Iran Human RightsRecent Executions Sparks World-Wide Condemnation for Iran

Recent Executions Sparks World-Wide Condemnation for Iran


In his article for The Hill, Shahriar Kia, talks about the recent executions in Iran, when on August 2 a possible 33 people were sent to the gallows.

Iranian opposition leader Maryam Rajavi of the National Council of Resistance of Iran (NCRI) condemned Tehran’s mass execution of Sunni prisoners as “an appalling crime against humanity,” she said, adding,  “The mullahs’ anti-human regime carried out the mass execution of our Sunni brothers on the anniversary of the 1988 massacre of 30,000 political prisoners in Iran. They are trying in vain to contain the volatile social atmosphere and popular protests by terrorizing the public.”

The Iranian Diaspora communities across the globe are marking the 28th anniversary of the 1988 massacre of more than 30,000 political prisoners in Iran over the course of a summer. Their voices will be heard and they will raise awareness about  Iran’s human rights record.

Kia, a press spokesman for residents of Camp Liberty, Iraq, and members of the People’s Mujahedin Organization of Iran opposition group (PMOI, also known as MEK), says that, “This marks one of Iran’s most atrocious mass executions in recent times. Iranian judiciary officials claim 20 of the victims were Sunni Kurds, executed in Gohardasht (Rajaie Shahr) Prison in Karaj, west of the capital, Tehran.  The victims had denied all charges raised against them, and in video clips and text posted on the Internet revealed they had spent time in solitary confinement and placed under torture.”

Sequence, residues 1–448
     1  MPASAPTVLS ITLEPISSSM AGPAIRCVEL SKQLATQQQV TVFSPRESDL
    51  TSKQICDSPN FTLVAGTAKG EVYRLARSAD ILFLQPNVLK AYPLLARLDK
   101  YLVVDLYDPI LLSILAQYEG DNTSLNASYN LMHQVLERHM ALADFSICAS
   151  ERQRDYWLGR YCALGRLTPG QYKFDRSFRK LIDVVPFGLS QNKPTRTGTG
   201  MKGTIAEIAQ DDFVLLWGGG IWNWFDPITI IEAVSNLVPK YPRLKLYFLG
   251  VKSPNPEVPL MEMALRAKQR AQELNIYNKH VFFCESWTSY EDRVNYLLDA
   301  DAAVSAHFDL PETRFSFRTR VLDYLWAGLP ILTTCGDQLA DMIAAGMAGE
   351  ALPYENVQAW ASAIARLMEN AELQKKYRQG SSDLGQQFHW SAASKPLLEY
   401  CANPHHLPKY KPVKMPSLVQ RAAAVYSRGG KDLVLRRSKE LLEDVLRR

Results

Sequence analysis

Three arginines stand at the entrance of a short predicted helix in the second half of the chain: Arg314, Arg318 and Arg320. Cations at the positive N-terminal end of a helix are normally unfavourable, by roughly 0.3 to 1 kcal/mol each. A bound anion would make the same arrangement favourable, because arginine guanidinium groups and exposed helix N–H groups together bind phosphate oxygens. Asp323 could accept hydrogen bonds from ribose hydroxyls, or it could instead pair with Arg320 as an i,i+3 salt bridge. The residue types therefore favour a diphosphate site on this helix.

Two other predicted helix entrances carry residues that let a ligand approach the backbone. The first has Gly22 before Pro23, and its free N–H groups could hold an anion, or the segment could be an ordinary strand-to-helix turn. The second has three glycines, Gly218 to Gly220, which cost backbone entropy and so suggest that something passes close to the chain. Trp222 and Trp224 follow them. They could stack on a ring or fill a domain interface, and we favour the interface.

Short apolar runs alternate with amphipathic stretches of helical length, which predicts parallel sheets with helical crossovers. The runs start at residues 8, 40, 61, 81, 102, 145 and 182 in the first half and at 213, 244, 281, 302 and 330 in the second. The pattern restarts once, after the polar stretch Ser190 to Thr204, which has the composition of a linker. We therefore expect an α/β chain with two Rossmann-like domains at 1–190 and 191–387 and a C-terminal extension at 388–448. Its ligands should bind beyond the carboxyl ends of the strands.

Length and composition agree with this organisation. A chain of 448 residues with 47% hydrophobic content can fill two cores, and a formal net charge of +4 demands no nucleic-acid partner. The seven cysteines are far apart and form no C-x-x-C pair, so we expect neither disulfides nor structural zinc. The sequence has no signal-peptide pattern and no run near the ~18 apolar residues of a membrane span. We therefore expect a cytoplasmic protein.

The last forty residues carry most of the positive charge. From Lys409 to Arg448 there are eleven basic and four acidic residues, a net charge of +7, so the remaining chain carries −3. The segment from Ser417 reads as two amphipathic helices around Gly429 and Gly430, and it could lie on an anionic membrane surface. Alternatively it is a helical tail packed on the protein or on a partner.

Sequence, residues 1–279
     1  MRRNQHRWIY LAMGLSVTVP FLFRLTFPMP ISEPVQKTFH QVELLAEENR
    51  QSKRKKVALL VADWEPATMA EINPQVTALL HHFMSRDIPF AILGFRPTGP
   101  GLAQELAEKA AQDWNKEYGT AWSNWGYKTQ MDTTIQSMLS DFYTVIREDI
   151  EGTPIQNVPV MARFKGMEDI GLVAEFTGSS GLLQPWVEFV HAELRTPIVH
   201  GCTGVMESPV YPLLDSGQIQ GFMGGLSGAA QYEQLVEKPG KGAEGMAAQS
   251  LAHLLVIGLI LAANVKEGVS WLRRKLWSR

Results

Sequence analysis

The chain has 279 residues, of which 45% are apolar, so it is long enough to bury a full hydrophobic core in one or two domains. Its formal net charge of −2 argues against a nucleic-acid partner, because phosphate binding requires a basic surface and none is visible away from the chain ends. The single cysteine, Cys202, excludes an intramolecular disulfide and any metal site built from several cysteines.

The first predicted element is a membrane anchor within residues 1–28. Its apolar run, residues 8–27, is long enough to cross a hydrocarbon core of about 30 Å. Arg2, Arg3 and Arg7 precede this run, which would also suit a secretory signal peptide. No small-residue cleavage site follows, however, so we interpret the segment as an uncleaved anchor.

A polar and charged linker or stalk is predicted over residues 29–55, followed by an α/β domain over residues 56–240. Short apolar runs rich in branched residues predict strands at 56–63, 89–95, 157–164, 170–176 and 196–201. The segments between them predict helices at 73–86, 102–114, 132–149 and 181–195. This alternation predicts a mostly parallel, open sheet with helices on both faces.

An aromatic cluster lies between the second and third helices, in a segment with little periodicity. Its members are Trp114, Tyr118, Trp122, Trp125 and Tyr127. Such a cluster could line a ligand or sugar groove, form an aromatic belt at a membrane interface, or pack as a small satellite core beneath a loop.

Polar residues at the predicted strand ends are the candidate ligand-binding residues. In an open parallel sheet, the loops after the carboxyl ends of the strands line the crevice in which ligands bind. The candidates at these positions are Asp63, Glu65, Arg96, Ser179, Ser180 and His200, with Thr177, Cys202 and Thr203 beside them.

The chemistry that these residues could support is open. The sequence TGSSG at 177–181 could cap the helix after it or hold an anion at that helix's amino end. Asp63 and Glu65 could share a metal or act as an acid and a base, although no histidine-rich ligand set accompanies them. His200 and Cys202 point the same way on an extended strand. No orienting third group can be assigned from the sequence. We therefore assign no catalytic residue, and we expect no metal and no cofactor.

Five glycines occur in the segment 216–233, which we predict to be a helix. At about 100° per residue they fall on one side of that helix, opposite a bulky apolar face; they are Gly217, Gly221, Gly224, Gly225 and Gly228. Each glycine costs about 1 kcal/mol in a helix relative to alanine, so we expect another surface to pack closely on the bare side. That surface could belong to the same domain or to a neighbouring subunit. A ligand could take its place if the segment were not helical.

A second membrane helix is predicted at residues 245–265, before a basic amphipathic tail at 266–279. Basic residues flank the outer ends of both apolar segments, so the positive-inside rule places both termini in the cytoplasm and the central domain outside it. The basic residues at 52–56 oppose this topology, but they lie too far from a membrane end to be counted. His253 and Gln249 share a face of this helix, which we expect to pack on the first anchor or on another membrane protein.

Accusations of coerced confessions through torture and other banned methods is nothing new for Iran, and the number of executions continues to grow, including juveniles being sent to the gallows.

This, when according to Magdalena Mughrabi, Deputy Middle East and North Africa Program Director of Amnesty International,  says that International law, including the Convention on the Rights of the Child to which Iran is a state party, absolutely prohibits the use of death penalty for crimes committed when the defendant was under 18 years of age.

Shahram Ahmadi, amongst the recently executed, spent nearly three years in solitary confinement, and was sentenced to death after a “five-minute” trial without a lawyer present.

“United Nations High Commissioner for Human Rights Zeid Ra’ad al-Hussein issued a statement condemning this mass execution of Sunni Kurds in Iran as a “grave injustice.” The High Commissioner expressed his doubts over the fact that these individuals ever received a fair trial. Al-Hussein also referred to Ahmadi’s case, adding he was forced under pressure to sign an interrogation paper including false allegations raised against him,” according to Kia.

A series of global condemnations from international organizations, followed the execution of the Sunni prisoners in Iran.

In 2015 Iran put 977 people to death, according to Amnesty International. Iran hanged 44 convicted drug traffickers in the span of just two days in 2009. This was one of the country’s largest mass executions to date. “The recent execution of nearly three dozen Sunni Kurds in one day adds to Iran’s already dismal human rights history, especially in the past three years after the “moderate” Hassan Rouhani came to power.” says Kia.

Dr. Ahmed Shaheed, the UN Special Rapporteur on the Situation of Human Rights in Iran, told the UN Human Rights Council – Session 31- on March 14, 2016, “At least 966 persons — the highest rate in over two decades — were executed in 2015. At least 73 juvenile offenders were reportedly executed between 2005 and 2015. In the past two years alone, 16 juvenile offenders were executed.” 160 juveniles remain on death row in prisons across Iran.

Kia concludes, “The shocking stroke of irony in the recent executions lies in the fact that this incident comes as the European Union is reportedly suggesting to launch human rights negotiations with Iran. Any reasonable party figures Iran would at least consider halting executions prior to such talks. However, this proves once again that Iran takes serious only a brazen and decisive language. This should also serve as a lesson on how Iran disregards and in fact abuses any interceding measures and has refused to budge on any of its old tactics after the much boasted ‘historic’ nuclear agreement.”


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